Digital Technology Bolsters Development Goals

Early this year the U.S. Agency for International Development (USAID) released its strategic vision for leveraging technology to advance its development objectives. The new USAID Digital Strategy 2020-2024 introduces the risks and opportunities for technology as a method of achieving USAID development goals. The strategy also reiterates the Agency’s commitment to strengthening digital ecosystems with its partner countries around the world.

USAID uses digital technology, including using social media, fintech, telemedicine, geospatial analysis, communications technology, blockchain, machine learning, and complex data analysis to strengthen their development projects and outcomes. Below are a few ways USAID uses digital technology to achieve these goals.

  • Decrease government service-delivery costs by reducing waste and fraud in the distribution of public benefits.
    In India, smartcard-enabled benefit payments reduced demand for bribes by almost 47%, which saved an estimated $38.7 million from leakage.
  • Employ digital financial services to make transactions cheaper, more accessible, and more secure, as well as encourage financial resiliency during economic downturns.
    The mobile-money system M-Pesa has significantly reduced consumption volatility among Kenyan families when hit with a negative income shock.
  • Allocate resources and assist the underserved and disabled more efficiently.
    eKitabu, a Kenya-based nonprofit funded by USAID, translated Kenyan Sign Language (KSL) into an online visual glossary, produced KSL videos, and created visual storybooks to introduce KSL to early-grade readers.
  • Increase economic activity by reducing barriers to international trade.
    The Ethiopian Commodity Exchange (ECX) gives small farmers the opportunity to participate in international markets and provides real-time prices on agricultural products over the phone or online, which increases farmer revenue and reduces traders’ margins by almost half in select industries.
  • Strengthen land tenure systems.
    USAID’s Mobile Applications to Secure Tenure (MAST) has digitally mapped and documented land tenure in a number of countries.
  • Empower young entrepreneurs and leaders to innovate and drive change.
    USAID’s YouthMappers, an international university consortium on Mapping for Resilience, has organized more than 5,000 students at more than 150 university chapters to generate open-source geospatial data for humanitarian and development use.

The field of development is ripe with opportunities for technology adoption.

One particularly empowering example is USAID’s Women Connect Challenge. In developing countries, the gender gap in internet usage has grown to a stark 25 percent. Closing this gap would mean more financial independence for women, greater access to education, and overall more financial stability for families around the world. The Women Connect Challenge has awarded nine organizations $100,000 dollars to close the digital gender gap. From providing women with offline Internet browsing to tailored training in micro-entrepreneurship to opportunities to become network engineers, these organizations have empowered thousands of women in developing countries to improve their educational, social, and financial situations through the use of digital technology.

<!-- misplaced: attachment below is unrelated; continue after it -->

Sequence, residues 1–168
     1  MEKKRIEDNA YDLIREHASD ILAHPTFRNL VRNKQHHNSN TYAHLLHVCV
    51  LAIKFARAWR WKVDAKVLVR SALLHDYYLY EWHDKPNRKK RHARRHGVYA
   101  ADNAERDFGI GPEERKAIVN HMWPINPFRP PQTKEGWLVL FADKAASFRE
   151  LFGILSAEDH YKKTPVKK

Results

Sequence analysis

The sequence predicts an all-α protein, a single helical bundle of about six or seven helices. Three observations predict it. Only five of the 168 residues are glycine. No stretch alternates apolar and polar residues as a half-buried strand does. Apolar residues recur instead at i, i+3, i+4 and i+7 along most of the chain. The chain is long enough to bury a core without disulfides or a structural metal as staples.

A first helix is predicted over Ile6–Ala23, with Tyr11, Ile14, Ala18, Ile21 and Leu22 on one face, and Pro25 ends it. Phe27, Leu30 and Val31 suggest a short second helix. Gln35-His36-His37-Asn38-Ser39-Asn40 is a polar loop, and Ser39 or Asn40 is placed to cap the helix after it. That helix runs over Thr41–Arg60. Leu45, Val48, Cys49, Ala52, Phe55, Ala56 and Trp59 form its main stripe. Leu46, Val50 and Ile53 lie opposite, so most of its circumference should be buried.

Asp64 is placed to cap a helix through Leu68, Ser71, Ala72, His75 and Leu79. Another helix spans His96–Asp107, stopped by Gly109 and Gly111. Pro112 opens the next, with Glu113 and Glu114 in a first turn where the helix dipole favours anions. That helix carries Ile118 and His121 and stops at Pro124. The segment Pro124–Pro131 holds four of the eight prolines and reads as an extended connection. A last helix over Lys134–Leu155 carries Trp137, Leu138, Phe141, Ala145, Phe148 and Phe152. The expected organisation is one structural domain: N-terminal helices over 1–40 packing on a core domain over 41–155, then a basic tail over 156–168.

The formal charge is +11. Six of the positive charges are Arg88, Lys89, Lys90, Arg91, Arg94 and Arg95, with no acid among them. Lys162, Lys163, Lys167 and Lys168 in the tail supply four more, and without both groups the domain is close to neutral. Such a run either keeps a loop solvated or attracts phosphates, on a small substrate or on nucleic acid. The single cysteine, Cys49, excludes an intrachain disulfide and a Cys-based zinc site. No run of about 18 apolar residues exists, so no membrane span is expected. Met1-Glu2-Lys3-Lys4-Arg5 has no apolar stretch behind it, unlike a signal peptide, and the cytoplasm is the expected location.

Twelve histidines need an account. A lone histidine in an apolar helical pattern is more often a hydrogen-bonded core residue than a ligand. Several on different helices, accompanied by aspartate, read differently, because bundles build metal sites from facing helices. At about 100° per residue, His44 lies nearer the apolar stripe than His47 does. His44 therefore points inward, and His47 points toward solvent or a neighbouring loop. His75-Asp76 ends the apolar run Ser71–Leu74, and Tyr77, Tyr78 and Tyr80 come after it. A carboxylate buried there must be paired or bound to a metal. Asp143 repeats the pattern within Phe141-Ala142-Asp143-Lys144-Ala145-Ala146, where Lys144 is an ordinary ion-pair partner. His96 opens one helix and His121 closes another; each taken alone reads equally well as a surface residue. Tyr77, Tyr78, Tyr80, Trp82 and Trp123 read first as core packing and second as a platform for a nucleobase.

Digital Strategy and COVID-19

USAID released its digital strategy around the same time the COVID-19 virus began to spread across national borders. Over the course of a few months, COVID-19 has become one of the most pressing health and developmental challenges of this century.

Development professionals have identified technology as one of the best tools to combat the health, social, and economic fallout of the pandemic. In India, for example, USAID’s health system strengthening project, NISHTHA, quickly developed an online learning resource package and training plan for frontline health workers in program intervention states as a proactive response to the virus. This allowed health workers in remote locations to receive up-to-date training on COVID-19 prevention and mitigation.

The need for digital technology perhaps has never been more critical. The USAID Digital Strategy 2020-2024 will play a leading role in the Agency’s response to the global pandemic in its partner countries and in the overall Journey to Self Reliance.

Digital Technology at WBD

Here at Washington Business Dynamics, our USAID Private Sector Engagement (PSE) Support Mechanism team prepared and delivered to USAID a list of “competencies” in technical advancements for USAID staff and partners to achieve in their upgraded Client Relationship Management (CRM) system. WBD’s strategic advisory and insight regarding technology-related CRM tools is changing the way that USAID is managing relationships with key private sector actors and how they form vital partnerships to tackle some of the world’s most pressing challenges.

With future WBD training in these CRM capacities, staff at USAID headquarters and in missions around the world can better engage with the private sector in technological advancements that address the current health crisis and advance U.S. development goals abroad.

About the author: Jackson Parell is a rising junior at Stanford University majoring in Economics and Public Policy. He completed a spring 2020 internship at Washington Business Dynamics (WBD) where he assisted with various business development projects and helped to create a catalog of private sector engagement competencies for one of WBD’s clients, the U.S. Agency for International Development.